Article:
There is a unique up to isomorphism algebraically closed field of characteristic 0 and cardinality of the continuum. Let's call it $K$. We usually call it $\mathbb{C}$, but by this we impose a topological structure* on $K$. In fact there are many other possible ring topologies on $K$ (by a ring topology we mean a topology for which the addition and multiplication are continuous maps $K\times K \to K$). There seems to be a zoo of those**. I care more for better behaved ones.

It is natural to consider separable topologies (ie admitting a countable dense subset) such that the uniform structure imposed by the additive group structure is complete. In fact, I care mostly for Polish topologies (separable and defined by a complete metric). For these the uniform structure is automatically complete.

A famous Polish topology on $K$ is $\mathbb{C}_p$ which is obtained by completing the algebraic closure of $\mathbb{Q}_p$ with respect to the unique absolute value on it extending the $p$-adic absolute value on $\mathbb{Q}_p$ (absolute value = multiplicative norm). Here is another example: consider $k$, a countable field (eg $\mathbb{Q}$ or its algebraic closure), and take the degree valuation on $k(t)$. Complete to $k((t))$, extend (uniquely) the absolute value to the algebraic closure and complete again (use Krasner's Lemma). Get a Polish topology on $K$ for which $k$ is discrete.

All the examples of topologies on $K$ above, and all the examples I am aware of are defined by absolute values. Hence the question in the title: Is every Polish ring topology on $\mathbb{C}$ defined by an absolute value?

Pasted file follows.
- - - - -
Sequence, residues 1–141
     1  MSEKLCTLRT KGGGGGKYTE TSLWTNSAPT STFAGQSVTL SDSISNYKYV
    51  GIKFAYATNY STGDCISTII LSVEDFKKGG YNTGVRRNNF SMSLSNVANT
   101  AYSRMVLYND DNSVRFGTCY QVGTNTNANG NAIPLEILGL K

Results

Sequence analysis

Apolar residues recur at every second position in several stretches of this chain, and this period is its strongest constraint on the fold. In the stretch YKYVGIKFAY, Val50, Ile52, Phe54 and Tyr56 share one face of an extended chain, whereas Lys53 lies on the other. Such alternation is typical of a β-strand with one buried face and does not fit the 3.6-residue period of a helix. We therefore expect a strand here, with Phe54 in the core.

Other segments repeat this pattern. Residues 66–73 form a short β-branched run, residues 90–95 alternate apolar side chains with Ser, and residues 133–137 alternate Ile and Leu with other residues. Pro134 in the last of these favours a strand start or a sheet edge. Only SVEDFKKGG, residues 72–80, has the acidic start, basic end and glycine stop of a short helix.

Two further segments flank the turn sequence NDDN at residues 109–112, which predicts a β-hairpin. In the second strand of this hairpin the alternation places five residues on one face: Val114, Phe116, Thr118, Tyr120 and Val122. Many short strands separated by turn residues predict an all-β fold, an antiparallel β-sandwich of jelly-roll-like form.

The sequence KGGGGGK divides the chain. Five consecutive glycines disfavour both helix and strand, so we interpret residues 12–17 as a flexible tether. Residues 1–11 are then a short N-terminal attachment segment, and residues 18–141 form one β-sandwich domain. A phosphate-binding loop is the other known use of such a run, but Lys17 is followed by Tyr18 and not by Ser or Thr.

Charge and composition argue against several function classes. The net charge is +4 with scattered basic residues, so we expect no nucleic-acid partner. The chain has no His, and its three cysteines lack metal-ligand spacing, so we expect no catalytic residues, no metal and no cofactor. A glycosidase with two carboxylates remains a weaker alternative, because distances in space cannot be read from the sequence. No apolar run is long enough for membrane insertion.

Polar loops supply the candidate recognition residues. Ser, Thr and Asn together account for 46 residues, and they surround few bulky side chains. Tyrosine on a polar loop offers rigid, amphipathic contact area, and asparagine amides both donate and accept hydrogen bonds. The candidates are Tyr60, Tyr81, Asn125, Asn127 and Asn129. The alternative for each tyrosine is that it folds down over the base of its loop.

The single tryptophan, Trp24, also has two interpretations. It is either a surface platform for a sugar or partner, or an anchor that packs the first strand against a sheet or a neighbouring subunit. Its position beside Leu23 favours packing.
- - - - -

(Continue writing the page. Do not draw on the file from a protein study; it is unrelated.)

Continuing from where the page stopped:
Remark: Given a topology on $K$ there is a unique minimal closed, algebraically closed subfield. I am willing to assume $K$ is minimal if it helps.

Note: for locally compact fields it is always the case that the topology is defined by an absolute value. Indeed, one can use the modular function applied to multiplication operator on the additive group in order to construct an absolute value on the field.

$*$ There are plenty of ways to identify $K$ with $\mathbb{C}$. Given a topology on $K$ we can conjugate it by a field automorphism and define another. We consider here topologies up to conjugation.

$**$ related: https://mathoverflow.net/a/106454/89334

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    $\begingroup$ About the note: in $\mathbf{C}$, the modular fonction yields $\Delta(2)=4$, while $|2|=2$. $\endgroup$ – YCor May 13 '16 at 22:22
  • $\begingroup$ By "comes from an absolute value", do you mean, given by a complete (multiplicative) norm? $\endgroup$ – YCor May 13 '16 at 22:23
  • $\begingroup$ @YCor, thanks for your comments. An edit was made in order to clarify things. $\endgroup$ – Uri Bader May 14 '16 at 15:31
  • $\begingroup$ Your absolute value has values in $[0,+\infty)$? Maybe for a counterexample try the Levi-Civita field (extended by adding $i$). Maybe we get a larger value group. $\endgroup$ – Gerald Edgar Apr 1 at 15:17
  • $\begingroup$ @GeraldEdgar My question regards indeed $[0,\infty)$ valued absolute values, but I certainly welcome more generous interpretation of it, eg: "Is every Polish ring topology on C defined by a valuation?". I do not understand your suggestion regarding the Levi-Civita field - Isn't it defined by a valuation a priori? $\endgroup$ – Uri Bader Apr 2 at 6:28

No. Note that if field $F$ has topology induced by $[0,\infty)$-valued absolute value, then either $\{x \in F : |x|<1\} = \{0\}$ so that the topology is discrete, or else there is $x$ with $0 < |x| < 1$, so that $$ \exists x,\qquad 0 < |x| < 1, \qquad \lim_{n\to\infty} x^n = 0 . \tag{1} $$ We will provide a counterexample: a Polish topological field, algebraically closed, cardinal $\mathfrak c$, not discrete, where $(1)$ fails.

This will be (a subfield of) a field $\mathbb C[[t^G]]$ of Hahn series. References: nLab , Wikipedia .

We begin with $\langle G, +, < \rangle$: an abelian, totally ordered, group. This is all that is needed for construction of $\mathbb C[[t^G]]$. [The "valuation group" here is $G$.]